Why VAT Holidays May Not Be a Good Idea During Coronavirus

European City Taxes for Tourism

Tax Holidays & COVID-19

Value added tax (VAT) seems to be the go-to tax to stimulate the economy in the current coronavirus (COVID-19) crisis. Tax holidays, in which governments delay the collection of VAT, are one specific measure some countries are considering. At first glance, this seems like a practical and easy way to implement a strategy to stimulate the economy and improve the cash flow position of many businesses. However, this incentive could be the wrong measure given that it is potentially risky and unfair.

VAT collected and accrued by businesses is already in their accounts. Releasing them from an obligation to remit this to the government or delay such remittance for a few months provides these businesses with extra cash during the crisis. As such, this is a positive incentive.

However, COVID-19 is causing a crisis on a global scale and should be managed as one from a tax perspective. By allowing businesses to retain VAT for a few months, governments lose the opportunity to allocate these funds where they are most needed.

Liquidity Risks for Businesses

Regarding the aforementioned allocation issue, there is also a future risk for the businesses “benefitting” from such VAT holidays in the short run. The purpose of an accrual is to set funds aside for future obligations. By allowing businesses to delay the remittance of VAT, which will still be due at a later stage, does (or should) not release any cash. The principle of prudence, a basic principle of accounting, requires a business to record liabilities and expenses as soon as they occur.

VAT holidays do not take away the VAT liability, and as a result, an accrual for VAT cannot be released. Businesses are at risk of facing liquidity issues once the tax authorities resume collecting VAT. This, in daily practice, is how many first-time entrepreneurs go wrong — by not having the assets available to pay their taxes at a later date. If this results in bankruptcy, both the business that initially benefitted from a VAT holiday, as well as its suppliers, will be affected.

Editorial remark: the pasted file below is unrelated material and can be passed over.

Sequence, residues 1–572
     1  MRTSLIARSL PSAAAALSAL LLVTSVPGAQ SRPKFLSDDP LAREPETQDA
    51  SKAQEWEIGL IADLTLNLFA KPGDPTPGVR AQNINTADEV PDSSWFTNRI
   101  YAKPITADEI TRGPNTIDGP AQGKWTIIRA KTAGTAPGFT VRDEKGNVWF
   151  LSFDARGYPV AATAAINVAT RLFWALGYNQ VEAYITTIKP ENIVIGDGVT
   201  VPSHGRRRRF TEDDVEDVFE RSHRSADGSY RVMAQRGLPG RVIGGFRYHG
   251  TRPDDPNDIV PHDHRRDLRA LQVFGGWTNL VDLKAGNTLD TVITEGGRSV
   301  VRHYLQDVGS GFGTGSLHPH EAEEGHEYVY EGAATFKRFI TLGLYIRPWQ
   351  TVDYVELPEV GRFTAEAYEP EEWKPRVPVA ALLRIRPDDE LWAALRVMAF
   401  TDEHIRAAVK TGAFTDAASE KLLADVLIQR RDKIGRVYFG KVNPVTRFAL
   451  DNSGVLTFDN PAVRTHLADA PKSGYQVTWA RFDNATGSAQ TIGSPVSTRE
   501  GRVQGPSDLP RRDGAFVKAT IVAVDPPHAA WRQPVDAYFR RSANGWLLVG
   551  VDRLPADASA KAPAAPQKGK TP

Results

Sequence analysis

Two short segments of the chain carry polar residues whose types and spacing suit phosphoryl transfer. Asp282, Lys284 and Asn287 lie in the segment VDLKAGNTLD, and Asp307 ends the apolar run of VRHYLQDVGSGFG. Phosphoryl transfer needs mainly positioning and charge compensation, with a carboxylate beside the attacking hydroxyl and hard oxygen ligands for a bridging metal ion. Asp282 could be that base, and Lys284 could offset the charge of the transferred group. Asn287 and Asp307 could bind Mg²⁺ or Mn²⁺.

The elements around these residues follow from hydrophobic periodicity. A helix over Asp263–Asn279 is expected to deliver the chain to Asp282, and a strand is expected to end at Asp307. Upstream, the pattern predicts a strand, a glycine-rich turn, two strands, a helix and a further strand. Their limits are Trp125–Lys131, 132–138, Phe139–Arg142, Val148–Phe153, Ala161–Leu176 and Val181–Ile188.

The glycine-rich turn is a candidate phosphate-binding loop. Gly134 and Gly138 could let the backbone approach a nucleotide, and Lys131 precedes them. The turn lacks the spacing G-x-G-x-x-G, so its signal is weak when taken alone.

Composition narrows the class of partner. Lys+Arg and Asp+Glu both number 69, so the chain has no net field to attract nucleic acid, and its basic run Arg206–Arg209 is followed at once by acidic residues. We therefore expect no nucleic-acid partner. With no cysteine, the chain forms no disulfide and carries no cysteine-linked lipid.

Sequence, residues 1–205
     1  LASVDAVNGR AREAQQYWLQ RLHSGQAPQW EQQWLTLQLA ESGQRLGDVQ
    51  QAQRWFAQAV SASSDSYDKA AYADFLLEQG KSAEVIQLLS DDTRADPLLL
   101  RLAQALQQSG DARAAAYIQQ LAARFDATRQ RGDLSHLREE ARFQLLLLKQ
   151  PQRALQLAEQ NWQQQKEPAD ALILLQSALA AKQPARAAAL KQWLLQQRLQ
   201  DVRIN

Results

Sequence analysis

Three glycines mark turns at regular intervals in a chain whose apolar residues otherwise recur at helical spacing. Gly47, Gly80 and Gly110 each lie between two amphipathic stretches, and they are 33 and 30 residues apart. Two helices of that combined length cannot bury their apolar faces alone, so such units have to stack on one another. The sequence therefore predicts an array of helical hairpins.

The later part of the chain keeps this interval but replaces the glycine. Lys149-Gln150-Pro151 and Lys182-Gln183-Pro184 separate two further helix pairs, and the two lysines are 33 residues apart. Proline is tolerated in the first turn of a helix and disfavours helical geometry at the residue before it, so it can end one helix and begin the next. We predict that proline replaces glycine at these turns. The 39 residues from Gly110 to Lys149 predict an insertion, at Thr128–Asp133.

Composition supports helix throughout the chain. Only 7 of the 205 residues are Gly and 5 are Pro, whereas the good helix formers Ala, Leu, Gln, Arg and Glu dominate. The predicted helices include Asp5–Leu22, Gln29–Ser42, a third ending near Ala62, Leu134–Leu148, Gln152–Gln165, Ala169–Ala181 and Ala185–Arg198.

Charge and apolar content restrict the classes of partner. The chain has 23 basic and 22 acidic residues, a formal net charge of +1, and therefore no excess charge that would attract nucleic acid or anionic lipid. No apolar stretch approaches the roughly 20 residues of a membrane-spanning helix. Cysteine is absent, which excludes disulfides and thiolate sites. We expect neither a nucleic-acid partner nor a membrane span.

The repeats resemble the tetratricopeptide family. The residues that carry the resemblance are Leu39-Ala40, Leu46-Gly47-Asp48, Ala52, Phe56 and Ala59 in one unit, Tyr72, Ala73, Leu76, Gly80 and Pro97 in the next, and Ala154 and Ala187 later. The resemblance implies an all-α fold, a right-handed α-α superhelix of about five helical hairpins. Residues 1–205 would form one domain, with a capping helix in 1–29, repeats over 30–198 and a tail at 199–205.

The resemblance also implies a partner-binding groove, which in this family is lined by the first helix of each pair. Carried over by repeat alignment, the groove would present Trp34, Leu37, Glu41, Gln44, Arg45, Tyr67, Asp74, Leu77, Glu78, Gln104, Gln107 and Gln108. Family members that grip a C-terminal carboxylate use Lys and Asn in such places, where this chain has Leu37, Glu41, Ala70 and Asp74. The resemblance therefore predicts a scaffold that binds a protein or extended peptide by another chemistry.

Short-Term Fixes with Long-Term Consequences

Ultimately, there is an element of unfairness in these measures at a time where solving issues collectively is more important than ever. As an example, many businesses in the medical industry are exempt from VAT and will not benefit from a VAT holiday the same way other companies will.

Although VAT holidays are intended to be a short-term fix, they could have consequences lasting long after COVID-19 subsides. Instead, governments should look to provide economic relief measures that help stimulate the economy during and after times of crisis.


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Peter Boerhof, VAT Director at Vertex Inc. Vertex's Chief Tax Office (CTO) provides insight regarding the impact of tax regulations, policy, enforcement, and emerging technology trends on global tax department operations.

Peter Boerhof

Senior Director, VAT

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Peter Boerhof is the Senior VAT Director for Vertex. In his role, he provides insight and thought leadership regarding the impact of tax regulations, policy, enforcement, and emerging technology trends in global tax. Peter has extensive experience in international transactions, business restructuring, tax process optimization, and tax automation. Prior to joining Vertex, Peter was responsible for leading the indirect tax function at AkzoNobel, where he designed and implemented a tax control framework, optimized VAT, and managed the transition to a centralized tax operating model for global tax processes.

He was also responsible for indirect tax planning and compliance for merger and acquisition, supply chain, and ERP projects, as well as the implementation of tax automation initiatives like tax engines and robotics. Boerhof also worked at KPN Royal Dutch Telecom managing VAT, as well as Big Four accounting firms Deloitte and Ernst & Young (EY) advising on VAT compliance and optimization processes. Boerhof holds an MBA from the Rotterdam School of Management and a master’s in tax law from the University of Groningen.

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